On Mon, Mar 12, 2012 at 10:55 AM, Robert Haas <robertmhaas(at)gmail(dot)com> wrote:
> On Mon, Mar 12, 2012 at 12:32 PM, Jeff Janes <jeff(dot)janes(at)gmail(dot)com> wrote:
>> On Nate Boley's machine, the difference was ~100% increase rather than
> Oh, right. I had forgotten how dramatic the changes were in those
> test runs. I guess I should be happy that the absolute numbers on
> this machine were as high as they were. This machine seems to be
> beating that one on every metric.
>> Do you think the difference is in the CPU architecture, or the
>> IO subsystem?
> That is an excellent question. I tried looking at vmstat output, but
> a funny thing kept happening: periodically, the iowait column would
> show a gigantic negative number instead of a number between 0 and 100.
On which machine was that happening?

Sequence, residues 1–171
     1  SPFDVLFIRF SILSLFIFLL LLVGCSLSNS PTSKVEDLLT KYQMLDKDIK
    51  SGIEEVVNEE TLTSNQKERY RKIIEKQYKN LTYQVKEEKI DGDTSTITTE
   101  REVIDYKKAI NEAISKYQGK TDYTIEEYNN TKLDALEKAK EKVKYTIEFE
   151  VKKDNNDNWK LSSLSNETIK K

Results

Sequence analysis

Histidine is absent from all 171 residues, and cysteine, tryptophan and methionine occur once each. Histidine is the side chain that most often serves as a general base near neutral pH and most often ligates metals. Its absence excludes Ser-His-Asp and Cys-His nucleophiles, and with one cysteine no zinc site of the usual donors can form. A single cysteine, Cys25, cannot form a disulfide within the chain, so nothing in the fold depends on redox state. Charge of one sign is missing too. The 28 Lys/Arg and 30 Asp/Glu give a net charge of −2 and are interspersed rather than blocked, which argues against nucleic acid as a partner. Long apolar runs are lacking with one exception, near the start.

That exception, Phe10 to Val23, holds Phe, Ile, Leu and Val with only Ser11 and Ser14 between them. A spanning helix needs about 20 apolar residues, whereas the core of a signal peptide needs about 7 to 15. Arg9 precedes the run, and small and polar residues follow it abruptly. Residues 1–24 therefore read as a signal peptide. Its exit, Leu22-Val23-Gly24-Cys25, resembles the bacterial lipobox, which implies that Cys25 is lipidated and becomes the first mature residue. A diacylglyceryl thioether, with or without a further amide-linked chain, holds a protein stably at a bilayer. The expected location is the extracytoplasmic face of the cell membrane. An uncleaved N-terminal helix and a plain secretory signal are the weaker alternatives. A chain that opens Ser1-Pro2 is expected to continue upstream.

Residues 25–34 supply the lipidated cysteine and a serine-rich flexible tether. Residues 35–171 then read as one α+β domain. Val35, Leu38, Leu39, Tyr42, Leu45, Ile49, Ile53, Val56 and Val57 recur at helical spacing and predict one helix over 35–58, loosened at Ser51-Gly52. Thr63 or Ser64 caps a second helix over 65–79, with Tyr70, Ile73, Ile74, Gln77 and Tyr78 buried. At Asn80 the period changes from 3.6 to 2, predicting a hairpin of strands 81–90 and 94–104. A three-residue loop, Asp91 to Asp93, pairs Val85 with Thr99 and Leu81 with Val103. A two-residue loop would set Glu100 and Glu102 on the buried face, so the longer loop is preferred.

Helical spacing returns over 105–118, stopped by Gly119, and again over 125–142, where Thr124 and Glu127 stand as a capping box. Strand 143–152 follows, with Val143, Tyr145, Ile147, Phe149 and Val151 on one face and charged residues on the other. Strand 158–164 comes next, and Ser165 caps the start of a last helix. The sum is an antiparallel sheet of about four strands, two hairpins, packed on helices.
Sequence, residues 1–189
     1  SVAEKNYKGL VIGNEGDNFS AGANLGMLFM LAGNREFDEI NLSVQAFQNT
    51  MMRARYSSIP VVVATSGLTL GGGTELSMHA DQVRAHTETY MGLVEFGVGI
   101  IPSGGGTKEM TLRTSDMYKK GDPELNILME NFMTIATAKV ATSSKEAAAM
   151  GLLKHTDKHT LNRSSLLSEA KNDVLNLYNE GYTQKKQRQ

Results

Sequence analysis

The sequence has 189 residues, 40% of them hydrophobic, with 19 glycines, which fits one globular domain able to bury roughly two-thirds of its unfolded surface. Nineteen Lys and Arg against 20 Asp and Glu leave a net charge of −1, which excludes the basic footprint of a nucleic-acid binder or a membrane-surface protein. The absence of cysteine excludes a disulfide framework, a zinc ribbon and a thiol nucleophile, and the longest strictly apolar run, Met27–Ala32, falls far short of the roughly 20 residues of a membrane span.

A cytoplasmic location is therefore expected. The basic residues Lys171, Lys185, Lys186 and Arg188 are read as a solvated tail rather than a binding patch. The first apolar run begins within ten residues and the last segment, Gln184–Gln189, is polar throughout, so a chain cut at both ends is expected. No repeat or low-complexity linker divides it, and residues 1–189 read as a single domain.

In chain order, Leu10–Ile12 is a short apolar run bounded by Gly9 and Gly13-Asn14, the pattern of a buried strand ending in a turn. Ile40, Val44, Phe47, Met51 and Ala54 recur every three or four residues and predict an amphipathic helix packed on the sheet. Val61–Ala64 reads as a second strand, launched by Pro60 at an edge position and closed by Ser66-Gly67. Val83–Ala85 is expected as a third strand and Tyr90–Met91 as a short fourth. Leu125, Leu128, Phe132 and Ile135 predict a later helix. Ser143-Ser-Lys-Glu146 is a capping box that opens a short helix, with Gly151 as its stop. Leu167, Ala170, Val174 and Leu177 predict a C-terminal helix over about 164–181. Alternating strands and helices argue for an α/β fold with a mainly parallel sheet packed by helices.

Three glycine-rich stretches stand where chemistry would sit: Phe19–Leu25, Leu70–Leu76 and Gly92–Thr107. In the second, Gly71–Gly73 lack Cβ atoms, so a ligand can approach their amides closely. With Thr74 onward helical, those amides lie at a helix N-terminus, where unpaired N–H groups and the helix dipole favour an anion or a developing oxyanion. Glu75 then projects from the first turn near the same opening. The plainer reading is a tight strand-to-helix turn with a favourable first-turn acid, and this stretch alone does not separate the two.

> This makes me a little chary of believing any of it. Even if I did,
> I'm not sure that would fully answer the question. So I guess the
> short answer is that I don't know, and I'm not even sure how I might
> go about figuring it out. Any ideas?
Rerunning all 4 benchmarks (both 16MB and 32MB wal_buffers on both
machines) with fsync=off (as well as synchronous_commit=off still)
might help clarify things.
If it increases the TPS of Nate(at)16MB, but doesn't change the other 3
situations much, then that suggests the IO system is driving it.
Basically moving up to 32MB is partially innoculating against slow
fsyncs upon log switch on that machine.
Does the POWER7 have a nonvolatile cache? What happened with
Also, since all data fits in shared_buffers, making
checkpoint_segments and checkpoint_timeout be larger than the
benchmark period should remove the only other source of writing from
the system. With no checkpoints, no evictions, and no fysncs, it is
unlikely for the remaining IO to be the bottleneck.
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